And Roy Thomas' idea that the Earth in the Kree-Skrull war is like a Pacific Island in World War II makes no sense in the scales involved - I think it's suggested that Earth is equidistant to both empires, but it would still be hundreds of thousands of lightyears away from either, not an ideal place to launch your attack on another empire.
Sci-Fi is hard when you start thinking about it :-)
Posted by: Jonathan, son of Kevin | May 1, 2018 6:59 PM
The Kree's Omni-Wave Projector allows them to communicate instantly across space. In the Kree-Skrull War, the Skrulls tried to get an Omni-Wave Projector, which might suggest that they didn't have an instant communication ability prior to that. However, they wanted to use the Omni-Wave as a weapon, so maybe they already had a different technology for communicating.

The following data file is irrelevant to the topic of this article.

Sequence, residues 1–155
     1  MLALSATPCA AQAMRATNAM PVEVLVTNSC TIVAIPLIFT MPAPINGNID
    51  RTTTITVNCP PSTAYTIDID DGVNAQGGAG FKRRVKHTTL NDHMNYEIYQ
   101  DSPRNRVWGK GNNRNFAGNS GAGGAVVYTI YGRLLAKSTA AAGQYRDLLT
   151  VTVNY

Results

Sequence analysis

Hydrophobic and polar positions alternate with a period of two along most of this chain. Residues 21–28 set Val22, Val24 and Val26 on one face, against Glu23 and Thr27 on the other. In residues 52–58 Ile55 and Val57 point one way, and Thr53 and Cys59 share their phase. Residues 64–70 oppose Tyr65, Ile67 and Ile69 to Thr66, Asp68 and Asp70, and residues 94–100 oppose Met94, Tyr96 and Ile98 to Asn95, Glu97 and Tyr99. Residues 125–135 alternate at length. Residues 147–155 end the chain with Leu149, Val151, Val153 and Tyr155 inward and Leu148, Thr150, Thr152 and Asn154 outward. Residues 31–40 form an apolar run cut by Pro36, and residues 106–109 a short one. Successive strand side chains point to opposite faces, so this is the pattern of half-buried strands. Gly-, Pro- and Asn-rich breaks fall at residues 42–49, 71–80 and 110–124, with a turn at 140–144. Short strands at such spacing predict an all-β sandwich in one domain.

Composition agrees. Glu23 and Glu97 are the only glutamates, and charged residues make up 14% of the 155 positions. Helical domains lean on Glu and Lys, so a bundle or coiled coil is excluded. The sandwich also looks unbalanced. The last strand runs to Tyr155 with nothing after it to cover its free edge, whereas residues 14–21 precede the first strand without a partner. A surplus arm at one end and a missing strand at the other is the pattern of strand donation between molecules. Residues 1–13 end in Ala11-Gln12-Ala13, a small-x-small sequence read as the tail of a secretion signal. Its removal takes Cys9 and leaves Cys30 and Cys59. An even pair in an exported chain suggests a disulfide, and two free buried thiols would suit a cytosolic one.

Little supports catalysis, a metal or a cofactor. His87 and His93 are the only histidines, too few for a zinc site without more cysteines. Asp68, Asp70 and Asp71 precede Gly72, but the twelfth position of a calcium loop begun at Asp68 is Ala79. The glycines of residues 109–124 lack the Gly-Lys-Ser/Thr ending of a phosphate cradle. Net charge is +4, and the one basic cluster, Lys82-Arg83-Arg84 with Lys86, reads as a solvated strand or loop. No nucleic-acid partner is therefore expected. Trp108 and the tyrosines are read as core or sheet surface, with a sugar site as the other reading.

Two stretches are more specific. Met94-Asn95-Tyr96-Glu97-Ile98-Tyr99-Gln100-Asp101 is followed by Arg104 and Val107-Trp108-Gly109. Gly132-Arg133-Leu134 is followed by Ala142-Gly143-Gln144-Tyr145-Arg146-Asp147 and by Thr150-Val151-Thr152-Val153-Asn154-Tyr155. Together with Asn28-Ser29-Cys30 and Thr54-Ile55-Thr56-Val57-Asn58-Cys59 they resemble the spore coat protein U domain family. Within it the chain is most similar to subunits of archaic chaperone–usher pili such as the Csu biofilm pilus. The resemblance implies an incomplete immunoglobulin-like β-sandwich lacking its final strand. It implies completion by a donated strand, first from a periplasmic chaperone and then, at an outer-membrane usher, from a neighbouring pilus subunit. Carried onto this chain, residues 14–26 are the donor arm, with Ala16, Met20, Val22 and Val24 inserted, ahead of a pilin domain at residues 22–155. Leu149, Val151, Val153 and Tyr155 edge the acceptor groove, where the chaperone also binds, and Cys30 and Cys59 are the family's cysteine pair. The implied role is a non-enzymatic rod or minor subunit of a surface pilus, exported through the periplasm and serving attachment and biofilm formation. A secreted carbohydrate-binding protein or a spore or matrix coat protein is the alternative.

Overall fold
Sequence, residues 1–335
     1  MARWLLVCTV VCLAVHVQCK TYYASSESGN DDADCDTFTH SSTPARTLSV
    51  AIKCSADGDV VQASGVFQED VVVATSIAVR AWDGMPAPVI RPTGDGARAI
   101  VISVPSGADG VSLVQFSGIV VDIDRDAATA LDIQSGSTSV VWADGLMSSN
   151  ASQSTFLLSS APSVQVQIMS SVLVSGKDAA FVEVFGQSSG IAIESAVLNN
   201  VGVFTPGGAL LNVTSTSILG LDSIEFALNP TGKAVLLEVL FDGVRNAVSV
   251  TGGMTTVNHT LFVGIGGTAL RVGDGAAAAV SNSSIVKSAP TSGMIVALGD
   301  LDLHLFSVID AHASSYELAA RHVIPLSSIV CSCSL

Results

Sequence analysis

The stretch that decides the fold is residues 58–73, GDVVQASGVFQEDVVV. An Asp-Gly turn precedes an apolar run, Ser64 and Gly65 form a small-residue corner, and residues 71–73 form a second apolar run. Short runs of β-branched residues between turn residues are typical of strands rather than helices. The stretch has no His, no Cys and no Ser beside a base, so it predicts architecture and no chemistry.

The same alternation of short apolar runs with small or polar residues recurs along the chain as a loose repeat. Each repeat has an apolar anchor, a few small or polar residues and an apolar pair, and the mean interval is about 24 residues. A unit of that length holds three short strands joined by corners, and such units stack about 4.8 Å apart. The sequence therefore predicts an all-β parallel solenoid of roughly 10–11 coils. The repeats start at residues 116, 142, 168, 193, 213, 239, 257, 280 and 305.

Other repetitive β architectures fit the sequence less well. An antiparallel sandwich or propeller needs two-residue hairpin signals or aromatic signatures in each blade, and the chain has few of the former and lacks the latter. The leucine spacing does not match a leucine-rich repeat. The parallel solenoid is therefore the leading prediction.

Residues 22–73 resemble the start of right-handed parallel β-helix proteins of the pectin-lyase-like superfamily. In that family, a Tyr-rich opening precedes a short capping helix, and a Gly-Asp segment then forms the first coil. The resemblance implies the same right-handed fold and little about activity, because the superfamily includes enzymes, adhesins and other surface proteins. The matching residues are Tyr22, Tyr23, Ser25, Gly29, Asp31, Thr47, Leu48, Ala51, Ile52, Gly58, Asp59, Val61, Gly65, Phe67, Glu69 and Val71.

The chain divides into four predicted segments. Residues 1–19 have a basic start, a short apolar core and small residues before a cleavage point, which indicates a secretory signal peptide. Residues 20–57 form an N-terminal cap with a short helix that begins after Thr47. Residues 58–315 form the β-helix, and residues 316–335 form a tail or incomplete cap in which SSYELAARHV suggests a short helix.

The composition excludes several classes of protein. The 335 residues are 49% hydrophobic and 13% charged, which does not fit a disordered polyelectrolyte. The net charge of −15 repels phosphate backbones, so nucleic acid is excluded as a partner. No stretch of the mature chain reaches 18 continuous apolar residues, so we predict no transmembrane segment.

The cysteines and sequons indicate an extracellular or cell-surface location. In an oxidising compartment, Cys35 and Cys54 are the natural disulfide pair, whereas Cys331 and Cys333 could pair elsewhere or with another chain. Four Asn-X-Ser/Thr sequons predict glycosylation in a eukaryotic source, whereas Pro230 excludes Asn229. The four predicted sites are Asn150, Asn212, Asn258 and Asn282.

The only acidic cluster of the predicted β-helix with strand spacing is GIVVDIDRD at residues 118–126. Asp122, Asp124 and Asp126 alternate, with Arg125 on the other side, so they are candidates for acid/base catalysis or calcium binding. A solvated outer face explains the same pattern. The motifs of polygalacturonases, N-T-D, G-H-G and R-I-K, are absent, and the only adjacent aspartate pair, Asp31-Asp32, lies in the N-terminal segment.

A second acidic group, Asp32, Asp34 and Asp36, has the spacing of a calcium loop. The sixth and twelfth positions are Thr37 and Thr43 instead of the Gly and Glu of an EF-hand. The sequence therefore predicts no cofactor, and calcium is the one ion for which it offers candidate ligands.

Posted by: fnord12 | May 1, 2018 7:20 PM
In FF #37 again, Reed draws a simplified visual aid, with the flat outline of a sphere representing "space," and the interior of the sphere representing "sub-space," as they are traveling through sub-space, represented by a line to show their path through the interior of the sphere, to get to the Skrull galaxy. This all reminds me of how the Spacing Guild navigators said they "folded space" to facilitate interstellar travel in Frank Herbert's Dune. Phrases like "folding space," "wormholes," and "warpsmiths" are handy little mental devices which can help us wrap our heads around the real astronomical distances and time frames which are practically insurmountable on the one hand yet treated so casually and dismissively in science fiction nowadays on the other hand. Back in the 50s 60s and 70s science fiction stories seemed to have a lot more exposition about this sort of stuff.
Posted by: Holt | May 1, 2018 7:40 PM